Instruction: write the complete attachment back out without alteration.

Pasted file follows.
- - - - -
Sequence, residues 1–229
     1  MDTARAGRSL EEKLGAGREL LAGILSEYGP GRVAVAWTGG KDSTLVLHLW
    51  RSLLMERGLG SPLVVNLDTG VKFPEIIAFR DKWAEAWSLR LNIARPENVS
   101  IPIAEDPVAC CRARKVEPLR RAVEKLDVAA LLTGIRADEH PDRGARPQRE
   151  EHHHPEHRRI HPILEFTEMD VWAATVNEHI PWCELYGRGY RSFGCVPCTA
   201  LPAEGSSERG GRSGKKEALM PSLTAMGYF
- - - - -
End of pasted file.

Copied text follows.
Sequence, residues 1–229
     1  MDTARAGRSL EEKLGAGREL LAGILSEYGP GRVAVAWTGG KDSTLVLHLW
    51  RSLLMERGLG SPLVVNLDTG VKFPEIIAFR DKWAEAWSLR LNIARPENVS
   101  IPIAEDPVAC CRARKVEPLR RAVEKLDVAA LLTGIRADEH PDRGARPQRE
   151  EHHHPEHRRI HPILEFTEMD VWAATVNEHI PWCELYGRGY RSFGCVPCTA
   201  LPAEGSSERG GRSGKKEALM PSLTAMGYF